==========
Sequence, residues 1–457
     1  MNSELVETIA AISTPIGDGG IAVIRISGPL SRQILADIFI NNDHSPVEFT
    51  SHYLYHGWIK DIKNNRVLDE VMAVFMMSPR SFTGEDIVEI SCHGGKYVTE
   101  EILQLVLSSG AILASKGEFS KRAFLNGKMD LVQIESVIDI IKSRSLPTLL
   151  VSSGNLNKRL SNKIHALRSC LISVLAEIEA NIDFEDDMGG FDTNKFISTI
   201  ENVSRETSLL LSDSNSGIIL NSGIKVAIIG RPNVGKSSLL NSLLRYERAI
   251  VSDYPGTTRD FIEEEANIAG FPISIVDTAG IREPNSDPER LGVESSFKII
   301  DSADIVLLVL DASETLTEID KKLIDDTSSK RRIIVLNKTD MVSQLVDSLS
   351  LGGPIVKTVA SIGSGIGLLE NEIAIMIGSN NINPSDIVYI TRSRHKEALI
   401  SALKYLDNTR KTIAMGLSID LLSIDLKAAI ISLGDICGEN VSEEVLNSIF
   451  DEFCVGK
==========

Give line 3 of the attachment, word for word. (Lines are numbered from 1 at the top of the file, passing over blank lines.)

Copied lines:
    51  SHYLYHGWIK DIKNNRVLDE VMAVFMMSPR SFTGEDIVEI SCHGGKYVTE